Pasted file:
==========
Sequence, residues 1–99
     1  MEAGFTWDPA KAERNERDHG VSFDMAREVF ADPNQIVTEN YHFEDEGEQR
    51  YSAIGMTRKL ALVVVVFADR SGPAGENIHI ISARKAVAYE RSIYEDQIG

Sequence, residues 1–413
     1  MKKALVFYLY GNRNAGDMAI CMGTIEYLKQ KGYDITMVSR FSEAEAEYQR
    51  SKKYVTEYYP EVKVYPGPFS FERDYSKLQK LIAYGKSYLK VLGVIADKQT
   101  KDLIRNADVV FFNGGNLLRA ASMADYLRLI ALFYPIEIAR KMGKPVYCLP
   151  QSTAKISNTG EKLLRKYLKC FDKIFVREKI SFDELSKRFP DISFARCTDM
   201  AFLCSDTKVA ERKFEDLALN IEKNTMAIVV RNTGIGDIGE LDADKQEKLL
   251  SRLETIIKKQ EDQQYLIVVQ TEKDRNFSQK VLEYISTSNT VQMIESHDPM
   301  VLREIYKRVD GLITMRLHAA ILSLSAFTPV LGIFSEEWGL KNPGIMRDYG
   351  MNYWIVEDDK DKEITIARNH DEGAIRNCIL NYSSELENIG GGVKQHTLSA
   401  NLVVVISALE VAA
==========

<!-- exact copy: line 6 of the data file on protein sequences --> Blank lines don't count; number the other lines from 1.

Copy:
    51  SKKYVTEYYP EVKVYPGPFS FERDYSKLQK LIAYGKSYLK VLGVIADKQT